Netflix, Inc. (NFLX) News: Alarming Rate, Activity Recommendations & Microsoft Corporation (MSFT)

Editor’s Note: Related tickers: Netflix, Inc. (NASDAQ:NFLX), Microsoft Corporation (NASDAQ:MSFT)

Meet one of the Netflix “brains” who figures out what movie you’d want to see (NBCLatino)
Did you ever wonder how Netflix, Inc. (NASDAQ:NFLX) figures out which movies you might want to watch next? Since the company was founded in 1997, Netflix has shipped its 4 billionth DVD, and in the first quarter of 2013 alone, it has streamed more than 4 billion hours. The company also says that approximately 75 percent of viewer activity is driven by recommendation. Carlos Gomez-Uribe is one of the 800 Netflix engineers who decides what movie pops up next in your queue. While you’re on your couch at home, he and the rest of the team are in their headquarters in Silicon Valley, California discussing algorithms — statistical formulas which calculate your next probable film selection.

Netflix, Inc. (NASDAQ:NFLX)

Netflix brings Aziz Ansari stand-up special to streaming markets (RapidTVNews)
Netflix, Inc. (NASDAQ:NFLX) will premiere a new comedy special, Aziz Ansari: Buried Alive, on 1 November. Filmed live at the Merriam Theatre in Philadelphia, Buried Alive features Parks and Recreation star Ansari focusing his unique viewpoint on pending adulthood, babies, marriage and love in the modern era. The show follows Ansari’s successful live tour of the same name, during which he performed in front of sold out crowds in over 75 cities all over the world at venues including New York’s Carnegie Hall, London’s Hammersmith Apollo and the Sydney Opera House. It is a follow-up to his previous stand-up performances Intimate Moments for a Sensual Evening and Dangerously Delicious, also available on Netflix.

Is Reed Hastings Microsoft’s Next CEO? (DailyFinance)
Microsoft Corporation (NASDAQ:MSFT) will be searching high and low for a new CEO in the coming weeks and months, but its best choice may have been someone who was sitting in its boardroom until late last year. Netflix CEO Reed Hastings is a dark horse candidate. Social wagering bookie Ladbrokes has the odds of Hastings stepping up as the software giant’s next chieftain at 16-to-1. That’s not very assuring, but it’s certainly not a long shot. A lot of savvy financial writers are posing the possibility.’s Rocco Pendola, tech blog The Verge, and even The Chicago Tribune have tossed out the idea of Hastings at the helm in recent days, and it’s not as outlandish as it may seem. Hastings is on top of the world right now. He succeeded in what Microsoft Corporation (NASDAQ:MSFT) has failed to do, and that’s turn a company from being disrupted to being the disruptor.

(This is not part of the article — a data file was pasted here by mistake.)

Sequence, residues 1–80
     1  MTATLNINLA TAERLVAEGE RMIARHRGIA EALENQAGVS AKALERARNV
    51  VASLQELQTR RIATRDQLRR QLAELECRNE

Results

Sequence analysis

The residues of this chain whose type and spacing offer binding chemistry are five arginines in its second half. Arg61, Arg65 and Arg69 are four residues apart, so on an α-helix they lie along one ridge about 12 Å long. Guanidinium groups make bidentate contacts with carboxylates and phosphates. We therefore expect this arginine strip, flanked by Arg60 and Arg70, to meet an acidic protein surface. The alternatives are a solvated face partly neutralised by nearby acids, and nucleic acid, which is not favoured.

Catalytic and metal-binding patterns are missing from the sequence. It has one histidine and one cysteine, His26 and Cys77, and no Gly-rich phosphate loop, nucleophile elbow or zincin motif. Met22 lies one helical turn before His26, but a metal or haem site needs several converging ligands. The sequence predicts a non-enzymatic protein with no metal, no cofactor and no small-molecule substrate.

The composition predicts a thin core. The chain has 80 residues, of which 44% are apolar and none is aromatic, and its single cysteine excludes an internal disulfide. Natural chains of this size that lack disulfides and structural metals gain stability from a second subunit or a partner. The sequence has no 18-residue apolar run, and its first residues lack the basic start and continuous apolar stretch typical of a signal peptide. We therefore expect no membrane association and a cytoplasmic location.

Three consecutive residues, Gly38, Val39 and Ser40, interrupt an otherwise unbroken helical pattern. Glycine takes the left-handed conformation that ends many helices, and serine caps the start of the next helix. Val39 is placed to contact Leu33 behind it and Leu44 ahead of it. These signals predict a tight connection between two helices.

Netflix gives us quality (TimesDaily)
We all knew that online services would eventually start producing their own content. But when political drama “House of Cards” hit Netflix, Inc. (NASDAQ:NFLX) this year, it showed they had what it took to make quality programing. In fact, this year Netflix got 14 Emmy nominations on three different programs. “Orange is the New Black” is Netflix’s newest show and their best to date. Jenji Kohan’s comedy-drama follows the life of Piper Chapman, played by Taylor Schilling, who is an upper-middle class yuppie sentenced to 15 months in prison for a crime she committed 10 years ago.

Netflix Insiders Take the Money and Run (DailyFinance)
As Netflix stock has soared in 2013, company insiders have been cashing in on their stock options and heading for the exits at an alarming rate. There are many reasons that a public company’s officers and directors might sell immediately after exercising stock options: They could be looking to supplement their cash earnings. They might need the money to offset tax liabilities. Or they may want to diversify their risks. However, this behavior could also be a sign that insiders think their company’s stock has become overvalued. This year’s flood of insider selling at Netflix, Inc. (NASDAQ:NFLX) has been extreme enough that it is hard to attribute everything to “benign” motives.

Off the Charts: Netflix to power higher? (CNBC)